Ahvenanmaa County, Finland Genealogy
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Guide to Ahvenanmaa ancestry, family history and genealogy: birth records, marriage records, death records, census records, parish registers, and military records.
- 1 How to Do Research in Ahvenanmaa County, Finland
- 2 History
- 3 Parishes
- 4 Patronymics
- 5 Church Records (Kirkonkirjat/Kyrkoböcker)
- 6 Online Record Databases for Ahvenanmaa
- 7 Microfilm and Microfiche of Records for Finland
- 8 Writing to the Local Parish
- 9 Reading the Records
- 10 Search Strategies
How to Do Research in Ahvenanmaa County, Finland[edit | edit source]
Most of your genealogical research for Ahvenanmaa will be in online church records. Methods for locating and reading them are given in this article.
History[edit | edit source]
Åland Islands (Ahvenanmaa in Finnish), an archipelago, lie between Finland and Sweden, with a Swedish-speaking population but politically an autonomous region of Finland in recent times. Historically, the entire western portion of modern Finland was ruled by Sweden for a few hundred years but lost to Russia in 1809 after a war. The history of Åland gets even more complex during the 1900s but the control by Finland always maintained to some degree. Older vital records were kept by the state church and are mostly in Swedish.
Parishes[edit | edit source]
Patronymics[edit | edit source]
Parts of Finland used the system of patronymics, where the child's surname comes from the father: children of a man named Jacob receive the surname Jacobsson (for boys) and Jacobsdotter (for girls). There are other factors that can cause changes in a surname. Carefully read Finland Surnames for help with understanding how these surnames will affect your searches.
Church Records (Kirkonkirjat/Kyrkoböcker)[edit | edit source]
- Church records are the primary sources for accurate information on names; dates; and places of births, marriages, and deaths. Since the state entrusted the church to keep vital records, virtually every person who lived in Finland was recorded in the church records from the time the records began.
- They include records of christenings and births, marriages, burials and deaths, and communions. Church records may also include account books, confirmations, and records of people moving in and out of a parish.
- In general, the Lutheran church began keeping records after a 1686 royal decree. Since Finland was a part of the Swedish kingdom in 1686, church records were kept in Swedish. Records were not kept in Finnish until after 1863, when Finnish was made an official language in Finland. The transition from Swedish into Finnish was gradual, and about 30 Finnish parishes still use Swedish as their primary language.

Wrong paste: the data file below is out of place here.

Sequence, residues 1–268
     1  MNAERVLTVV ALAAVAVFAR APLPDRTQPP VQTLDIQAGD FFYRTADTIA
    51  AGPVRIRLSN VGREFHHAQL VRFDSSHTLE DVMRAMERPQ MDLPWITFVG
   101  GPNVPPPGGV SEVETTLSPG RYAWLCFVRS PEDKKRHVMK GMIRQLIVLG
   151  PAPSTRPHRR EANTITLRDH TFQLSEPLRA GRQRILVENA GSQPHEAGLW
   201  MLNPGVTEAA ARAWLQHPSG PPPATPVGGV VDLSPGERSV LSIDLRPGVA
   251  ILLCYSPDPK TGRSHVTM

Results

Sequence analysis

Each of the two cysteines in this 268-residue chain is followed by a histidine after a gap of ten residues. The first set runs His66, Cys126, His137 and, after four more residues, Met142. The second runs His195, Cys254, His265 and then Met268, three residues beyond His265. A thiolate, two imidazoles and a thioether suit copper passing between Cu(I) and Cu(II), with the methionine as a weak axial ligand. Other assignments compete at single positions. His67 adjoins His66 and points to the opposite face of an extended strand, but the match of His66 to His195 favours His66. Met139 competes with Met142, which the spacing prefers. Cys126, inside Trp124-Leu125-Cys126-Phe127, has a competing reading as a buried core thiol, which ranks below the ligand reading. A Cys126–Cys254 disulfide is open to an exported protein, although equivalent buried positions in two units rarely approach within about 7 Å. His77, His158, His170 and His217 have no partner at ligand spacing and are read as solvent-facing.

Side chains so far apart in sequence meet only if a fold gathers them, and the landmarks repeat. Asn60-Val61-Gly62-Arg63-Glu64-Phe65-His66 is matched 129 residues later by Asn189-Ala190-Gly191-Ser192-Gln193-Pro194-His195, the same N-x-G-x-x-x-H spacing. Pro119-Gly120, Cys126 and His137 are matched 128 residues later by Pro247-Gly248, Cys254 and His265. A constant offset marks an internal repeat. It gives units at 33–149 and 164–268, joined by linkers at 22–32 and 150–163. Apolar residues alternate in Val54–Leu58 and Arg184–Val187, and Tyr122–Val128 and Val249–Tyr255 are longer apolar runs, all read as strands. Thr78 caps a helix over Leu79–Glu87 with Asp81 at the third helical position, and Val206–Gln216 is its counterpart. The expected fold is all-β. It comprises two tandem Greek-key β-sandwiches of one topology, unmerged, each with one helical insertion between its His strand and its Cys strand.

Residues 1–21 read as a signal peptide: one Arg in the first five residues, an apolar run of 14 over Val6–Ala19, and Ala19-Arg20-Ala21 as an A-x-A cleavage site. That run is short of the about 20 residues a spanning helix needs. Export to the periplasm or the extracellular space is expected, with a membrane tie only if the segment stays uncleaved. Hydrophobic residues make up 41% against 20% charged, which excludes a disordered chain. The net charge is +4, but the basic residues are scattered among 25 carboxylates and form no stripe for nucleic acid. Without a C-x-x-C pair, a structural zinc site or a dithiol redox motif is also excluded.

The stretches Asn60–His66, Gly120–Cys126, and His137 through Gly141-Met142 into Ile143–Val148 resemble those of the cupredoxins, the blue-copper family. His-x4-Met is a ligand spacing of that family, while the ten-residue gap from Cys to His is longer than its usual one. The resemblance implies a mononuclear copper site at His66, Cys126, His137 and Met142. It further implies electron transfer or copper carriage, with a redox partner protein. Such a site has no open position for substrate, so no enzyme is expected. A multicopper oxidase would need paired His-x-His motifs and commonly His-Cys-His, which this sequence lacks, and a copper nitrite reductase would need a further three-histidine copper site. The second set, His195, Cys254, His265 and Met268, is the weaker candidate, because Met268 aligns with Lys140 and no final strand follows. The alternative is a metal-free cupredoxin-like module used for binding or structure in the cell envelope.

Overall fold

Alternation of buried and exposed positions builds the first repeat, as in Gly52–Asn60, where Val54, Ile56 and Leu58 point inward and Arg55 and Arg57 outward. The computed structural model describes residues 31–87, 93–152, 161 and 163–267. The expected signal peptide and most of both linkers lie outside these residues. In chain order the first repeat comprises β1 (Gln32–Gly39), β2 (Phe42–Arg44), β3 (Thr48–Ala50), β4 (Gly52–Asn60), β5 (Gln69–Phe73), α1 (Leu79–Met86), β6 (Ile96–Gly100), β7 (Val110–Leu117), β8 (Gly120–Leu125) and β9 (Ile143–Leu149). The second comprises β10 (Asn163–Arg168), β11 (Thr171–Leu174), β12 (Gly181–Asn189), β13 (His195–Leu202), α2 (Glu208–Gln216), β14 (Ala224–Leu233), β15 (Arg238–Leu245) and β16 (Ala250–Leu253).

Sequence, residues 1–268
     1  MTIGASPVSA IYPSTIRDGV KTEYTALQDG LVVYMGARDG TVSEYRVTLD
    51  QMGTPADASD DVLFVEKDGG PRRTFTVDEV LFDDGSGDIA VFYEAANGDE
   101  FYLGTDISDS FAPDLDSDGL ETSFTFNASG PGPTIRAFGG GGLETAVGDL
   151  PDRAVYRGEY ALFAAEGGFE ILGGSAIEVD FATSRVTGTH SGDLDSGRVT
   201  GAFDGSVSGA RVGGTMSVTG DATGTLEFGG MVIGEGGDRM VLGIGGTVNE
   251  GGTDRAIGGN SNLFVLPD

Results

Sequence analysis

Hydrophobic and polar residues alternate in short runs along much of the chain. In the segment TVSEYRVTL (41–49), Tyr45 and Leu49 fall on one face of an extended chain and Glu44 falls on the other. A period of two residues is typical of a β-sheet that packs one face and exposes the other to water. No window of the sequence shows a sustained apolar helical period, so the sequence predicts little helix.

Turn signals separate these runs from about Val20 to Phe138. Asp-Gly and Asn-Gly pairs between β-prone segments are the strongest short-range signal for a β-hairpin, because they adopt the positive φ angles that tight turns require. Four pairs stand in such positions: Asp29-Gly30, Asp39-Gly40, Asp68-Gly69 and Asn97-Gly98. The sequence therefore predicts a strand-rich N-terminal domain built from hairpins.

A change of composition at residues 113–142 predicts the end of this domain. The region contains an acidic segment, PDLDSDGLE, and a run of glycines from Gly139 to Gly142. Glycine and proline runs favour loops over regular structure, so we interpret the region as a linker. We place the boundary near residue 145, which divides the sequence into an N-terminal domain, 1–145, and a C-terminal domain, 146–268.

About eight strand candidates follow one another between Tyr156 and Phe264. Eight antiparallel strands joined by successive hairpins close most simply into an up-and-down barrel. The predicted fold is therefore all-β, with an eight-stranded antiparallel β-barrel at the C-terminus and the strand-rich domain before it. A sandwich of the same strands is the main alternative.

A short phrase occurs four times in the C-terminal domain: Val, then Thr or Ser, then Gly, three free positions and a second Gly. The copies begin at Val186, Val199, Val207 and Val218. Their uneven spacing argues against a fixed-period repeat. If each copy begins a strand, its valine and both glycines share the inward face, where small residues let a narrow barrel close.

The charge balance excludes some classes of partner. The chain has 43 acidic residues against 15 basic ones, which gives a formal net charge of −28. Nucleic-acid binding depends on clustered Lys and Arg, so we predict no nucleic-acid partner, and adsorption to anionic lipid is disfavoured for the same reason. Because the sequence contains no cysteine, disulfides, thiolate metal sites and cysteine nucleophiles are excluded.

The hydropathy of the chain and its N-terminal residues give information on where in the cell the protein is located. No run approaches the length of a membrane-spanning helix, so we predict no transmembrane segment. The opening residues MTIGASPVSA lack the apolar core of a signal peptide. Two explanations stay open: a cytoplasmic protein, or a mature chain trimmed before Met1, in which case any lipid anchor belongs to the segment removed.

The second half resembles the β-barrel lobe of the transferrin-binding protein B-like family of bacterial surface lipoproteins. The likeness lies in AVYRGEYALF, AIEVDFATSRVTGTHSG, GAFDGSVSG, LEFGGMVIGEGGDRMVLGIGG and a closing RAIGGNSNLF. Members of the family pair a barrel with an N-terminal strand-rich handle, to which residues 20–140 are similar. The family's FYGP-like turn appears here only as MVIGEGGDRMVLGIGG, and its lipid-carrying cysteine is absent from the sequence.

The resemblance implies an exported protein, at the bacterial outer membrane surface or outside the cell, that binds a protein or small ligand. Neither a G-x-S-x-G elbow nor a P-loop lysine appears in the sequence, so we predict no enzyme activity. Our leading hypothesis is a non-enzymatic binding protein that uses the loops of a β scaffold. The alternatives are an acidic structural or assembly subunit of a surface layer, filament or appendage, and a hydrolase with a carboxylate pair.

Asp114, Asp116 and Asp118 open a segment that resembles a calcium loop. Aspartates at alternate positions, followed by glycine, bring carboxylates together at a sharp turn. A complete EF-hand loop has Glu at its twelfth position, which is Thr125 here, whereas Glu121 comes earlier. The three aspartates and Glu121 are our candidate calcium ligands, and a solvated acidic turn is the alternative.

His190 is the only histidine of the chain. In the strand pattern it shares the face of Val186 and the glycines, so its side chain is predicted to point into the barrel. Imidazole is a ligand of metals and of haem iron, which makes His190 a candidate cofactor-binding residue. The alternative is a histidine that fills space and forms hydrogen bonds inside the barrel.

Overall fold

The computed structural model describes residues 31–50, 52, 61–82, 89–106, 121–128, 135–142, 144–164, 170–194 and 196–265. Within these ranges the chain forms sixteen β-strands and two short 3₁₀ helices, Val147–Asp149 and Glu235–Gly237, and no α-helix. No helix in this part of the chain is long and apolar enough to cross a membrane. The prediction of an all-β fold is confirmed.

- The Wiki article Finland Church Records will give you a detailed list of the important facts you can find in each type of record.
Communion Books (Rippikirjat/Kommunionböcker) and Preconfirmation Records (Lastenkirjat/Barnböcker)[edit | edit source]
Perhaps the most important genealogical record, Communion Books list the inhabitants of a parish by village, farm, and household. They are called communion books, because a person's records are added to them beginning with their confirmation and first communion. These records greatly simplify the research process by grouping individuals into family units. These records make it possible to follow the lives of ancestors from birth to the grave by providing, in one place, references to birth, marriage, and death dates, as well as moving information and other personal items.
- Each person’s name and occupation or his or her relationship to the head of the household
- Each person’s birth date and birthplace and possibly marriage date and death date
- The place to or from which a person moved and the moving dates
- Circumstances such as poverty, illness, illegitimacy, and committed offenses
Pre-confirmation Records list each residence, the parents, and the children who had not yet been confirmed (usually all children younger than about age 14). After their confirmation, the children were transferred into the communion book. These records list each residence, the parents, and the children at the residence who had not yet been confirmed with their birth dates and, ultimately, their confirmation dates. Vaccinations are also noted. If a child died before confirmation, the death date is given. The records often include notation of blindness, disabilities, or other personal data. Pre-confirmation records were kept primarily in Eastern Finland. However, many parishes in western Finland kept them for a time.
- 1657-1915 - Finland, Church Census and Pre-Confirmation Books, 1657-1915 at FamilySearch — index and images
Online Record Databases for Ahvenanmaa[edit | edit source]
Most of the online databases have an option to work in English. Look for the words "In English" or an icon of a British flag.
As you look for your parish in the following databases,
Parish archive--seurakunnan arkisto
Although you will rely heavily on church records, other records such as census, military, probate, and land records can help add detail to your family history. They also might have clues that help you move forward.
1. First search for your ancestor on these websites. Different collections cover different parishes, so it is important to check every collection.
- The HisKi Project. Choose a specific parish or click on "All" to search the entire country. This collection is a partial database of indexed births, marriages, and deaths. It does not have data from the communion books and pre-confirmation books.
- MyHeritage.com: Finland Church Census and Pre-Confirmation Books, 1657-1915. "Census books" here refers to communion books.
- Finland's Family History Association--SSHY (Suomen Sukuhistoriallinen Yhdistys). Click on "Church Records" in the left sidebar. Select your parish from the list that comes up. Some of the features of this website are available at no cost. It appears that the paid subscription version (which is very reasonable) gives access to additional records not found with the free version.
- Digihakemisto (Digital Directory). In the left sidebar, select your parish. This is a partial directory to parish records found in the Finnish National Archives. The index changes between the Finnish version and the English version. If you cannot find a parish, switch to the original Finnish.